“She and I,” he says, “it was—we were nothing. It was a relationship of convenience and basic companionship. It meant nothing to me. Truly,” he says, “you have to know—if I never said anything about her it was only because I never thought about her long enough to even consider mentioning it.”

“But you were together for two years—”

He shakes his head before he says, “It wasn’t like that. It wasn’t two years of anything serious. It wasn’t even two years of continuous communication.” He sighs. “She lives in Europe, love. We saw each other briefly and infrequently. It was purely physical. It wasn’t a real relationship—”

“Purely physical,” I say, stunned. I rock backward, nearly tripping over my own feet and I feel his words tear through my flesh with a searing physical pain I wasn’t expecting. “Wow. Wow.”

And now I can think of nothing but his body and hers, the two of them entwined, the two years he spent naked in her arms—

“No—please,” he says, the urgency in his words jolting me back to the present. “That’s not what I meant. I’m just—I’m—I don’t know how to explain this,” he says, frustrated like I’ve never seen him before. He shakes his head, hard. “Everything in my life was different before I met you,” he says. “I was lost and all alone. I never cared for anyone. I never wanted to get close to anyone. I’ve never—you were the first person to ever—”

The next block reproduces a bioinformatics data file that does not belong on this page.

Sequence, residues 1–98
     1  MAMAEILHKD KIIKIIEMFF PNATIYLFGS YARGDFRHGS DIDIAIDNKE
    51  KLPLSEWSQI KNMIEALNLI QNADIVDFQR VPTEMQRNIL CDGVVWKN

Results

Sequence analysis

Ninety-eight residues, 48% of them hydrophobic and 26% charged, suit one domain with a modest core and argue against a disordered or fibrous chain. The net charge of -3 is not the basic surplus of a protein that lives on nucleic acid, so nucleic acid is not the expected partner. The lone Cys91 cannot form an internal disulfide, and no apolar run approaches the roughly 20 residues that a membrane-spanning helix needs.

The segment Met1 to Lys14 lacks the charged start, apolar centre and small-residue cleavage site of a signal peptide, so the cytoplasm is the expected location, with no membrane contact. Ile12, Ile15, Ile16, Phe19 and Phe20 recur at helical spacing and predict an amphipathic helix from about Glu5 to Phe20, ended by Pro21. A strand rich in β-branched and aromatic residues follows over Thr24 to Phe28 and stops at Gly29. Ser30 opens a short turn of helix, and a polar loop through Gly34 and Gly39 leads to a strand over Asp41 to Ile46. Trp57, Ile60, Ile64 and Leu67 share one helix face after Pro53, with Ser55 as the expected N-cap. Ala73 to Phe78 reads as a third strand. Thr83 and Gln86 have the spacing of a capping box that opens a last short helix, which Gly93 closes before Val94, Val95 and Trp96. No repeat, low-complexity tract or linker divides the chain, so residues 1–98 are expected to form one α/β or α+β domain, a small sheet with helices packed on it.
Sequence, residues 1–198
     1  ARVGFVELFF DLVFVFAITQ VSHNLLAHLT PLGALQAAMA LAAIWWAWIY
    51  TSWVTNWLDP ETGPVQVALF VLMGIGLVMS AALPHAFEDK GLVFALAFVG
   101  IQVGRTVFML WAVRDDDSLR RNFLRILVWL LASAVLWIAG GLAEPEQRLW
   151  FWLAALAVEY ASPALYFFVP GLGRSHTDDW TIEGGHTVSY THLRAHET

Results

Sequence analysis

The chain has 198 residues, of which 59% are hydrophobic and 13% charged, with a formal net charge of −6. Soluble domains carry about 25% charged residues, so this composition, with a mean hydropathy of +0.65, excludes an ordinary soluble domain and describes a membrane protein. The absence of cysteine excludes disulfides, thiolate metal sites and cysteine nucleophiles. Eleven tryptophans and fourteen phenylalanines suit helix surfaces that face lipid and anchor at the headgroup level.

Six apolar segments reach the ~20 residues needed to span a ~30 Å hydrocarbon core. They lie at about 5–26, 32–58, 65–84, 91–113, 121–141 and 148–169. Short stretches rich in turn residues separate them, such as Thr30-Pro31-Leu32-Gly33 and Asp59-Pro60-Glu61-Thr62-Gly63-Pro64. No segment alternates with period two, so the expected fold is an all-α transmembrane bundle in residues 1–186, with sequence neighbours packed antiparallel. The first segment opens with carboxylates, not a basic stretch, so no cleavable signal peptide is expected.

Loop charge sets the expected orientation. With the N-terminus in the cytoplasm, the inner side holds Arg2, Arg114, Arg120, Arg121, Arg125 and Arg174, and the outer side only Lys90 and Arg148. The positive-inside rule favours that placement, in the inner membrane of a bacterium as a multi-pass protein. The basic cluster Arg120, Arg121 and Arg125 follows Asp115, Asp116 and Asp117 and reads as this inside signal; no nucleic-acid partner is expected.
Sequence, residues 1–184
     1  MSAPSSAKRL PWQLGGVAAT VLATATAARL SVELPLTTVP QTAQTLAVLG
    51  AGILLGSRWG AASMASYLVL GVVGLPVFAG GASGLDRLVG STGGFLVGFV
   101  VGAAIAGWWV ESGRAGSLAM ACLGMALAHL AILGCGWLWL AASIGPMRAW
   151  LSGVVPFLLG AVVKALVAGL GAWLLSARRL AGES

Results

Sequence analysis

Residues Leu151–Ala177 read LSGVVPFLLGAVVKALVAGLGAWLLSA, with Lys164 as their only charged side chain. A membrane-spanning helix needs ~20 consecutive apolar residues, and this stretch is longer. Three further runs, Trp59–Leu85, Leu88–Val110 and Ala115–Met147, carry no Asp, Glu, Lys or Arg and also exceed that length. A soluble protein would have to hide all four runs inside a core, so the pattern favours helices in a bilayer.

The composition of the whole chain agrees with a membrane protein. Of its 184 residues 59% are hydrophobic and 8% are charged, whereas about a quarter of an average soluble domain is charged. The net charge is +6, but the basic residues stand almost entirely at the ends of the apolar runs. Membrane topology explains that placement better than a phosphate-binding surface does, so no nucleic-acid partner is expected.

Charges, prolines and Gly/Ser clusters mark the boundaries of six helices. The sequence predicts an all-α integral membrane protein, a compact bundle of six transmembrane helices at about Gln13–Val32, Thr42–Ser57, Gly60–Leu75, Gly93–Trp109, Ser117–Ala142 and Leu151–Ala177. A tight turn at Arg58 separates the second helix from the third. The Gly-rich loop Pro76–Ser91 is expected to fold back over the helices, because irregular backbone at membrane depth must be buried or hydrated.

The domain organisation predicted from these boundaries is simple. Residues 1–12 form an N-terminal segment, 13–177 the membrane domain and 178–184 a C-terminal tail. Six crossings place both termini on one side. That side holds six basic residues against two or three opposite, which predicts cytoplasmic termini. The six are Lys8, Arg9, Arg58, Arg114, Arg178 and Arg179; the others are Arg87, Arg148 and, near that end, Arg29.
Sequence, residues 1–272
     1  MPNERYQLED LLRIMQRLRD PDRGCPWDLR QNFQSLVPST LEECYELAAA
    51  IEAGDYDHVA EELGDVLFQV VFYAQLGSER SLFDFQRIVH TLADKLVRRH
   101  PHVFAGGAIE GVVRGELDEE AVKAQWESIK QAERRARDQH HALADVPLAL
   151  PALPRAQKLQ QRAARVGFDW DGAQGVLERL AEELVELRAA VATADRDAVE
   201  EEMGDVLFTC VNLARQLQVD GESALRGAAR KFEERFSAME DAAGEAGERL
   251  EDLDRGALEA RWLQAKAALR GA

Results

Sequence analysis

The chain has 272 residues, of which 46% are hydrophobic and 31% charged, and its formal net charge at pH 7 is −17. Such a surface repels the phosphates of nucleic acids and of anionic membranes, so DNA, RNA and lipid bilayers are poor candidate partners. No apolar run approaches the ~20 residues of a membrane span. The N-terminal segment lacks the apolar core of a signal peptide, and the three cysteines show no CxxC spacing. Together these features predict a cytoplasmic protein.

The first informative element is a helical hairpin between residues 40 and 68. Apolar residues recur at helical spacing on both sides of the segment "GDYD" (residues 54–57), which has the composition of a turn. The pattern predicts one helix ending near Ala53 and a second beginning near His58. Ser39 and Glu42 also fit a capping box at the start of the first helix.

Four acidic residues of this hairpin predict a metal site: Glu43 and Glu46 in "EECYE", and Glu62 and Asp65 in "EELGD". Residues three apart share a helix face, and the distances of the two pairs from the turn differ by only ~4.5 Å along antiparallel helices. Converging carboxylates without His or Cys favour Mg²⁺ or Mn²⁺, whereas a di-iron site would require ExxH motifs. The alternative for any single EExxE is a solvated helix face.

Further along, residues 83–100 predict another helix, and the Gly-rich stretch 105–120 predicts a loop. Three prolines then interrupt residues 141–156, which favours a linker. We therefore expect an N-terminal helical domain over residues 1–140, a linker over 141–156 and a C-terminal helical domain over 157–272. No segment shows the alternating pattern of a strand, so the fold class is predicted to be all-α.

“Stop,” I say, shaking my head. “Just stop, okay? I’m so tired. My head is killing me and I don’t have the energy to hear any more of this.”


“How many more secrets do you have?” I ask. “How much more am I going to learn about you? About me? My family? My history? The Reestablishment and the details of my real life?”

“I swear I never meant to hurt you like this,” he says. “And I don’t want to keep things from you. But this is all so new for me, love. This kind of relationship is so new for me and I don’t—I don’t know how to—”

“You’ve already kept so much from me,” I say to him, feeling my strength falter, feeling the weight of this throbbing headache unclench my armor, feeling too much, too much all at once when I say “There’s so much I don’t know about you. There’s so much I don’t know about your past. Our present. And I have no idea what to believe anymore.”

“Ask me anything,” he says. “I’ll tell you anything you want to know—”

“Except the truth about me? My parents?”

Warner looks suddenly pale.

“You were going to keep that from me forever,” I say to him. “You had no plan to tell me the truth. That I was adopted. Did you?”

His eyes are wild, bright with feeling.